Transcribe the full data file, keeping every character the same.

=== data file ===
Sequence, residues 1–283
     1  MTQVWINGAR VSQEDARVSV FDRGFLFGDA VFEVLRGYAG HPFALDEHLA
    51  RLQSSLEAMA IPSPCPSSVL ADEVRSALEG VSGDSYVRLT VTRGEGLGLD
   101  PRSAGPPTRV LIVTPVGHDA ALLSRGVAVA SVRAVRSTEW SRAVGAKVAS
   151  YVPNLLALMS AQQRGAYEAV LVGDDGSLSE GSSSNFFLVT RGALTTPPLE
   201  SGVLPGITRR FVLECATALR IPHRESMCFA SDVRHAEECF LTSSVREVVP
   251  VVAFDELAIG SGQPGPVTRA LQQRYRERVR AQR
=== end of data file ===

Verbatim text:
Sequence, residues 1–283
     1  MTQVWINGAR VSQEDARVSV FDRGFLFGDA VFEVLRGYAG HPFALDEHLA
    51  RLQSSLEAMA IPSPCPSSVL ADEVRSALEG VSGDSYVRLT VTRGEGLGLD
   101  PRSAGPPTRV LIVTPVGHDA ALLSRGVAVA SVRAVRSTEW SRAVGAKVAS
   151  YVPNLLALMS AQQRGAYEAV LVGDDGSLSE GSSSNFFLVT RGALTTPPLE
   201  SGVLPGITRR FVLECATALR IPHRESMCFA SDVRHAEECF LTSSVREVVP
   251  VVAFDELAIG SGQPGPVTRA LQQRYRERVR AQR